There are few books that move me to tears, or even strike a chord with me. Most of the time I feel like I'm forcing myself to find something that can bring me closer to a book. I've had One Day sitting on my bookshelf since the beginning of this year, and when I noticed it was being released as a movie in August, I knew I should read it soon. I don't think a book has ever captured characters I could relate to so well, or tell a story that is beyond what is love about, but life in general.
Here is a quick overview before I continue though. Emma and Dexter have a fling after they graduate from college. This fling begins a friendship that spans over twenty years. Throughout the years, Emma and Dexter keep in contact. The books shows how people change, and grow throughout the years. Emma and Dexter witness the other's triumphs, and defeats, which brings them closer, and tears them apart. In the end the audience wonders if the two will ever realize that it is each other that motivates them in life?
I won't tell you the answer to that, but I will tell you why this book connected so well with me. I feel like Emma was me. She is someone who hasn't quite found her footing in her twenties, and she has so many opportunities she wants to explore that it causes her to feel stuck in life. Emma bounces from a couple of relationships that aren't completely satisfying because she's lost the person that makes her feel happy, or she believes you accept the people that are treating you good regardless of how you may feel about them. I've done this both in the past also. Hopefully I'll find my footing eventually as Emma did, but it took many years in the slump she believed she was in before she did. There is also Dexter. I found him less relatable, but there were a few moments that make him relatable. He is the complete opposite of Emma. Instead of achieving everything later in life, he burned out all his dreams in his twenties. This leaves him feeling like a burned out thirty year old after his career has fizzled.
This book is beyond a romance because it is about how life shapes, and changes us. The things we don't realize now could be very clear to us twenty years down the line, and it could be one day of every year that shapes us to getting there. I believe everyone has felt like a major failure, but there can always be some type of redeeming factor to be found in the end. This is what this book leads to.
I still can't read the last twenty pages of this book without getting chills, or feeling like I'm about to cry. It is very rare that anything has me fighting tears, and I can't remember a time that fiction was so powerful it gave me chills. I can't stop talking about this book, and I read it over a week ago now. I hope this movie released on August 19th does the book justice.
I can't remember a book that I've picked up that completely missed the point of what I thought it was about. On the front cover it says "Why our bodies matter to our faith". I don't remember the author explaining anywhere in the book what I didn't already know. The topics included cover sexuality, tattoos, the body of the church, and death. All of these topics hold great potential to explore how they connect us to our faith.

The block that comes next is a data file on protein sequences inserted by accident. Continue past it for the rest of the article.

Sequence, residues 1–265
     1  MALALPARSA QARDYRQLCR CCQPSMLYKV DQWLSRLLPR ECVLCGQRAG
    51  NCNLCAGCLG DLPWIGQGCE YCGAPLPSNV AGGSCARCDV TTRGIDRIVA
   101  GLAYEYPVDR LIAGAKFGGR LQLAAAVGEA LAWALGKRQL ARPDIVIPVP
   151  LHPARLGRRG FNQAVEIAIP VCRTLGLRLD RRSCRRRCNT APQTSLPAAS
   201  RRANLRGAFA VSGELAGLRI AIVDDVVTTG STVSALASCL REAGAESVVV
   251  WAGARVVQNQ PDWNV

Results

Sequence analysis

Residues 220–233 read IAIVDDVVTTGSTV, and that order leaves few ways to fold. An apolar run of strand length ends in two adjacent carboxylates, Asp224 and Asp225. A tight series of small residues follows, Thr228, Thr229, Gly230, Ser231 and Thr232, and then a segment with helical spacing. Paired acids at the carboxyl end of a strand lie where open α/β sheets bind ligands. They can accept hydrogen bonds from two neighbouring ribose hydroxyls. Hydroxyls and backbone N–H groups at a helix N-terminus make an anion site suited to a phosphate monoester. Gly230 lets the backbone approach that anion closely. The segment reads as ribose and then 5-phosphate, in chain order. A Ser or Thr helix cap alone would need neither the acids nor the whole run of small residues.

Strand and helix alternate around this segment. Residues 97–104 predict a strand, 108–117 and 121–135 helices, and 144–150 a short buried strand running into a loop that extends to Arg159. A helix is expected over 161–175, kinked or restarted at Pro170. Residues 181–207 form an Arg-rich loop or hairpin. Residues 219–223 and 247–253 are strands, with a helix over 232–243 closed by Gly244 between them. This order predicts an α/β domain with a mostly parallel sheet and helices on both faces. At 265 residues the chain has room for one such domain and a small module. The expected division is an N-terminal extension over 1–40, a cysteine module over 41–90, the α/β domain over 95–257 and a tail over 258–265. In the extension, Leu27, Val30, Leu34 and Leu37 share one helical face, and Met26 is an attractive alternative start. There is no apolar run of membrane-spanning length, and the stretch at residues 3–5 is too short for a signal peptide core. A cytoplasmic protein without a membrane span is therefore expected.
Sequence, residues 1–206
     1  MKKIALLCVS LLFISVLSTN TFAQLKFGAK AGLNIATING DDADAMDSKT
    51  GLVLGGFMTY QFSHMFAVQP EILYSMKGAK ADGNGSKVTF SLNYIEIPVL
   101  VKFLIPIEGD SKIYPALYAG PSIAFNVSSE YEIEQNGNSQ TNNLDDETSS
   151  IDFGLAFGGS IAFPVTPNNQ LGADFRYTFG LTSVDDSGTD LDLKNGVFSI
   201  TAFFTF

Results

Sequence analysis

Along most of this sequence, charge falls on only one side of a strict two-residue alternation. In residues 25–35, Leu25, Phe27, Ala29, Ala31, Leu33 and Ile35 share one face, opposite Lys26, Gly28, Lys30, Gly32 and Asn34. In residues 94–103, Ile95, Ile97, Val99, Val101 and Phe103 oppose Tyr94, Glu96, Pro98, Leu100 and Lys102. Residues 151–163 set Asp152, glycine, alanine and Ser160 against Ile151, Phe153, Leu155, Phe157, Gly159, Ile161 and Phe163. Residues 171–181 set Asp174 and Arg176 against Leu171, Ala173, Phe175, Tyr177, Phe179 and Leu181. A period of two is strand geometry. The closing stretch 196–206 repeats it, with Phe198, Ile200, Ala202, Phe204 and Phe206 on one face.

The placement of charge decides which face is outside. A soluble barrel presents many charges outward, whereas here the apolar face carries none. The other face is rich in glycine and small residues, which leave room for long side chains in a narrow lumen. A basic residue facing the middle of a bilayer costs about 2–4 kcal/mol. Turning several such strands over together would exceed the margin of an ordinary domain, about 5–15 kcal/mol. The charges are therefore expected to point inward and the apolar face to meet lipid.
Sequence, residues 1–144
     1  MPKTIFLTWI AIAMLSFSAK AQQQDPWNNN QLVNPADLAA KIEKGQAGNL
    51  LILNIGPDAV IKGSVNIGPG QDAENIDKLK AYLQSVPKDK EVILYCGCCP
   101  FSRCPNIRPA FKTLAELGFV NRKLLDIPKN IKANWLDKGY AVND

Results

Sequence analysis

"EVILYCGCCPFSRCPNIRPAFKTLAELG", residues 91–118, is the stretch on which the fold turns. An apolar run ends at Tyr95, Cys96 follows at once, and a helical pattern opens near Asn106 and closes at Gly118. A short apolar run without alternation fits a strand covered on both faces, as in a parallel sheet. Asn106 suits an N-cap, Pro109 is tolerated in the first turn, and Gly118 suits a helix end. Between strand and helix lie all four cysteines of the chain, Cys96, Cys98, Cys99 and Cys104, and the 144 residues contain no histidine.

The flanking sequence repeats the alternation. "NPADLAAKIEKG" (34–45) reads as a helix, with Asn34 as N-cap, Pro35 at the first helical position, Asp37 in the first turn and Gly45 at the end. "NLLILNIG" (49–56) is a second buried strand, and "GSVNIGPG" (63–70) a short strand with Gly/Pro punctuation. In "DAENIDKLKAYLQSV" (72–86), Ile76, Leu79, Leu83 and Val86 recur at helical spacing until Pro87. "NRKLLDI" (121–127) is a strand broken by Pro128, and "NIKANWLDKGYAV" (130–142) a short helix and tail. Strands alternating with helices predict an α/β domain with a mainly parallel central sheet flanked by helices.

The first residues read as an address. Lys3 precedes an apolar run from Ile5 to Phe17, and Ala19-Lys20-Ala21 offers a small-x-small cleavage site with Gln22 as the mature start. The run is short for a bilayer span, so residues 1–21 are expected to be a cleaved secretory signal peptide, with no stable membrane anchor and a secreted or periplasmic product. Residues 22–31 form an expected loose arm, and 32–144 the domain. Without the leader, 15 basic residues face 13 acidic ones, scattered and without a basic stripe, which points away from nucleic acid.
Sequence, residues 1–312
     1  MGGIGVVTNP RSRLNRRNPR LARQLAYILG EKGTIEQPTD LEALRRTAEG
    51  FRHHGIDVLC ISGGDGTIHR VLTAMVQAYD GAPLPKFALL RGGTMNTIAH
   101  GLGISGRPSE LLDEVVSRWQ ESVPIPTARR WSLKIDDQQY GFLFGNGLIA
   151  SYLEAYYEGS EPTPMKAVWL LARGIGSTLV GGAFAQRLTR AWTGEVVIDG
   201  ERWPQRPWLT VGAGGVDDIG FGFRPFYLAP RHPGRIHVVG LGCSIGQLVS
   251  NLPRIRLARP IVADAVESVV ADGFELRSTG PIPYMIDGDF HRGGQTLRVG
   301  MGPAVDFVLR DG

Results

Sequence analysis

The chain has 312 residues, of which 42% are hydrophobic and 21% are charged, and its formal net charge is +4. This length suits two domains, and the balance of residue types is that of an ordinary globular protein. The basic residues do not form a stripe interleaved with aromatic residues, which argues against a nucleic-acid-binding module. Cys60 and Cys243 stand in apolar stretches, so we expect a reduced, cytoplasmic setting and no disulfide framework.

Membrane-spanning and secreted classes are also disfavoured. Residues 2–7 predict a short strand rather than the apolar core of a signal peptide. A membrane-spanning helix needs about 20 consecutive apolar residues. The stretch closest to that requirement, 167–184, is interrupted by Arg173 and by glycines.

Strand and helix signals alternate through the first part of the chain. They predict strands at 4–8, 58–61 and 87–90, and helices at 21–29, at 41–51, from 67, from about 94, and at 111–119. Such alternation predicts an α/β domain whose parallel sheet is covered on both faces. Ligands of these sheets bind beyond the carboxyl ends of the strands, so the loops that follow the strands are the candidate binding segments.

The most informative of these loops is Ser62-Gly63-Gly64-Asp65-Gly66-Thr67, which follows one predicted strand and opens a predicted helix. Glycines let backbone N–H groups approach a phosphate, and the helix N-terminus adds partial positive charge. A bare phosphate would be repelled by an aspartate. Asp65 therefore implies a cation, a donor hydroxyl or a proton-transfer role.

When I began reading I believed that the author was setting up a little background so I could understand the book when he finally went in depth. The author never grazed over anything deep though. I believed the book would help me understand the scientific ways that are body showcases our beliefs. The guy annoyed me with some of the points he made. For instance he said that feminists read the Bible from a woman's perspective. Don't all people read writings in a way that they can relate it to their perspective? Also, aren't male and females from different cultures that determine what we receive from messages such as the Bible? I know what Anderson means by this, but he could somehow shape his point on this to better express what he is saying. I have a feeling that if I was around Anderson for a long period of time, and discussed the topics of tattoos, or whatever, that me and him would get into an argument. It would be a lot of fun though.
One point that I do like is how Anderson acknowledges the sacrifice a woman's body makes during the process of pregnancy. A lot of men I've been around will try to relate the toils of pregnancy to something they go through, which I believe doesn't respect what the woman goes through carrying a child.
The book is an interesting read, but if you're expecting to be enlightened about how the body works then you'll be disappointed. The book at times read more as a lecture than informative. If you're looking for something that might fuel the debate in you, then this might be the book though.
This complimentary copy was provided by Bethany House Publishers in exchange for a review.
As I continue to work on the novel, Fade to Farewell, there is one song that seems to be the theme song to the novel. Winter Winds by Mumford and Sons is a song that captures a feeling many people can relate to. I still listen to it whenever I need motivation for working on material for the novel. The song is sad in message though. It is about someone who doesn't love someone, but is torn between the fear of being lonely, or staying with them for comfort. I think since I've personally encountered the scenario in a variety of ways that I find it relatable to myself, which increases my ability to write a convincing novel.